November 5, 1988
As technology has become more hyperactive, we the people have become more laid-back; as the deposits in its memory banks have become more fat, the deposits in man's memory bank have become more lean. Like Harold Pinter's servant, the machine has assumed the responsibilities that were once the master's. The latter has become the shell of a once thoughtful, though indolent, being. It is the Law Of Diminishing Enlightenment at work. - From the introduction to Studs Terkel's "The Great Divide"
February 24, 1997 |
Patrick Ewing scored 10 of his season-high 34 points and grabbed four of his season-high 25 rebounds in the second overtime as the visiting New York Knicks outlasted the Los Angeles Lakers yesterday, 127-121. Ewing, who also blocked five shots, was coming off a seven-point, nine-rebound effort in Friday's loss at Seattle. In the first overtime, Ewing managed just one shot. "I was kind of frustrated," Ewing said. "I told [coach] Jeff [Van Gundy] to get me the ball. We made the adjustment.
February 26, 2001 |
Robert Allenby had experienced plenty of playoffs, but nothing quite like this - six guys in the largest playoff in PGA Tour history, facing one of golf's toughest closing holes in a cold, raw rain. The Australian knew what it would take to end it quickly. Perfection. After wiping raindrops from his glasses and gripping down on a 3-wood, Allenby, 29, added another chapter to storied Riviera Country Club with an approach into 5 feet to win the Nissan Open in Los Angeles yesterday, keeping him perfect in playoffs.
October 23, 1993 |
Fred Carter said he wanted to see the Knicks' Patrick Ewing kick Shawn Bradley's butt last night. No problem. Ewing obliged with zest, outmuscling the 76ers' 7-6 rookie center on both ends of the floor in New York's 82-79 exhibition victory. The lessons keep coming for Bradley. Teacher Ewing was especially tough on his 21-year-old student last night, scoring 26 points to go with 11 rebounds in 30 minutes. Worse for Bradley, Ewing executed two power dunks in his face, and, at the other end of the court, he seldom allowed Bradley to breathe, much less shoot.
November 3, 1986 |
Cheryl Hartley has been dancing naked for more than nine years, but she has never gotten used to seeing the tourists in the first row peering up through binoculars. Hartley has been on Broadway continuously for the longest time of any actress now there. In April, she expects to celebrate her 10th anniversary in Oh! Calcutta! - 10 years of the doctor-and-nurse skit and the Jack-and-Jill segment and the nude ballet. "She's a legend, a walking legend," says producer Norman Kean, who is trying to get Hartley's achievement into the Guinness Book of Records.
February 26, 2012 |
March Madness begins in February in South Jersey, and these next few weeks will provide lasting memories, especially for those teams able to win sectional and/or state championships in this one-and-done event. The momentum builds so quickly, with games played just about every other day. Those who participate in the tournament, which will begin Monday, will perform in an interminable pressure cooker, which makes this such a gripping affair. Basketball is such an emotional game to begin with, played in settings in which fans are so close to the action.
September 21, 1997 |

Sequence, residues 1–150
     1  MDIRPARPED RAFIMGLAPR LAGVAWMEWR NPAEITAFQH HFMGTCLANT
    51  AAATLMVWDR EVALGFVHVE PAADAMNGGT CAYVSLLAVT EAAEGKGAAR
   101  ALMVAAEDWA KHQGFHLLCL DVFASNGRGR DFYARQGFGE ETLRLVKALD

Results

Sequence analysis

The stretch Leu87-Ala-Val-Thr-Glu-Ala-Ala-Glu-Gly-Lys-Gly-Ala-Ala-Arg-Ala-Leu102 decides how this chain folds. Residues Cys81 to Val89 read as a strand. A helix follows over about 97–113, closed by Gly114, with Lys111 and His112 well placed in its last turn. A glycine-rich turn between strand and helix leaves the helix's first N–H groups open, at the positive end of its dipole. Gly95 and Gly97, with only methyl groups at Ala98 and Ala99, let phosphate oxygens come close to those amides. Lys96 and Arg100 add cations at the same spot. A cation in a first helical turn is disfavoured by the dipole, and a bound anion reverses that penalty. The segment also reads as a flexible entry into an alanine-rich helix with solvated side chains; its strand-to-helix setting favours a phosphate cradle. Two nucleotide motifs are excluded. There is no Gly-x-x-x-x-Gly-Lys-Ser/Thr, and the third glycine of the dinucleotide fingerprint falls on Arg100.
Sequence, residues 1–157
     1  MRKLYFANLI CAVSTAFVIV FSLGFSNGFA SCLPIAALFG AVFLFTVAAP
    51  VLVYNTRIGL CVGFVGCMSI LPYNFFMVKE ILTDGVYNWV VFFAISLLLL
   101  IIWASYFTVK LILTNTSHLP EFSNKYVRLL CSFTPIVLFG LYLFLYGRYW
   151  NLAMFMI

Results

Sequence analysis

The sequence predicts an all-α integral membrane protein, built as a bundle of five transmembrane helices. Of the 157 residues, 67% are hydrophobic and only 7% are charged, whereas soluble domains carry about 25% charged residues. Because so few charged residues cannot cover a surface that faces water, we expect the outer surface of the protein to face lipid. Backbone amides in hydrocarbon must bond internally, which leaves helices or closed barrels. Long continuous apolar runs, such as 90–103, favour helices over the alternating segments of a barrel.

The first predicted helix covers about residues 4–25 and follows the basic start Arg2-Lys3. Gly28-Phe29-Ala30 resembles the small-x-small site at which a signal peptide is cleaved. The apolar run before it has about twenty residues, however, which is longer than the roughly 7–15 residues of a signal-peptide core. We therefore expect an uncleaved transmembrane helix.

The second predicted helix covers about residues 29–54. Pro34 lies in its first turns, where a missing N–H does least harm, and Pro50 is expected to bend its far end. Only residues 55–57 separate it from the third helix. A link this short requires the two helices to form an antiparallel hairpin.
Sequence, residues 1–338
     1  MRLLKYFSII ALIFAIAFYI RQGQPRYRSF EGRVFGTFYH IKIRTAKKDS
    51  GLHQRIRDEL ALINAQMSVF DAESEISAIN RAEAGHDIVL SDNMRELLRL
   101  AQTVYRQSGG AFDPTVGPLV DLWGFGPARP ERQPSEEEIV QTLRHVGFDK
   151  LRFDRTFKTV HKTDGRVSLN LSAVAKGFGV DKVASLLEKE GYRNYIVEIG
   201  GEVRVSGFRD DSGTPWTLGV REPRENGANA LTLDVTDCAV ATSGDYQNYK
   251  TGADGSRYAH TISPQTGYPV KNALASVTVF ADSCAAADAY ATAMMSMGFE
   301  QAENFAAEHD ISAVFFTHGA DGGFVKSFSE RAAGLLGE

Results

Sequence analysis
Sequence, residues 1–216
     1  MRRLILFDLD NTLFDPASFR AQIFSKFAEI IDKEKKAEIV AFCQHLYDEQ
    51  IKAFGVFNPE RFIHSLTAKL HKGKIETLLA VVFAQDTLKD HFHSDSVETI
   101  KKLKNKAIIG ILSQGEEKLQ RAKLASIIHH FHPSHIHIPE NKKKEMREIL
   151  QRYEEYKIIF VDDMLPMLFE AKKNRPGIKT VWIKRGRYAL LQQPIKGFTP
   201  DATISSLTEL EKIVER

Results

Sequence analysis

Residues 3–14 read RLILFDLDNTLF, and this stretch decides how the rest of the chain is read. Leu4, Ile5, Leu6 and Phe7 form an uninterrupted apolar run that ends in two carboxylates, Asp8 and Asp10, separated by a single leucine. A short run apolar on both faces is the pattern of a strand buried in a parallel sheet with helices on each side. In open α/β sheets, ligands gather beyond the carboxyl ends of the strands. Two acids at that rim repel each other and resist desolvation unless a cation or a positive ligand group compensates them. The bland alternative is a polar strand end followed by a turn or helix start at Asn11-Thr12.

Joe Dinmore's mercantile and garage museum offers a glimpse into America's past. Or maybe a return to the Walton family store. Thousands of collectibles circa 1880-1950 recall eras when women rode sidesaddle, or danced the twist in poodle skirts with boys who wished they were Elvis. The tidy museum's pictures of movie stars, electric train sets and miniature antique Cadillacs - as flashy as the red one parked in the driveway - reflect its owner's 40-year hunt for bits of Americana.
April 29, 1987 |
There may be a day when Randy Wood gathers his grandchildren around the fireplace in some quaint New England hamlet to tell them about his first goal in a Stanley Cup playoff game and how it kept the Islanders' hearts beating against the Flyers in the Patrick Division finals. Wood could tell them how he went end-to-end in a rush that would humble Bobby Orr. How he weaved through all five opponents and lifted the crowd off its seats, how he forced legendary Flyers goalie Ron Hextall to his knees before beating him with an adept backhander.
May 19, 2007 |
Considering he's the Ivy League player of the year and one of the country's stingiest goalies, one might suspect that Cornell's Matt McMonagle gives much thought to his craft, which is stopping rubber balls thrown at him at high speeds and from various angles. Not according to the 5-foot-11, 165-pound senior from Episcopal Academy. "If I'm thinking too much, it just handcuffs me," said McMonagle, who was raised in Bryn Mawr. McMonagle's 44 career wins are a school record and the most among active goalies in NCAA Division I lacrosse.
February 10, 2011 |
Kevin Kolb could not sleep Sunday night, not after watching the player he looks up to more than any other stand on a platform, the Lombardi Trophy in hand, as the Super Bowl's most valuable player. Aaron Rodgers is Kolb's guy. They share a brotherhood, each traveling a uniquely complex path to become a starting quarterback in the National Football League. Rodgers made it to the top. He waited. He endured. He held on when, after three years as Brett Favre's understudy, his confidence was shaken in 2008 after Green Bay's faithful booed him and doubted him and frankly didn't want him. Rodgers survived in 2009 when Favre beat him twice, giving unhappy Packers fans more ammunition in the argument of which quarterback was better.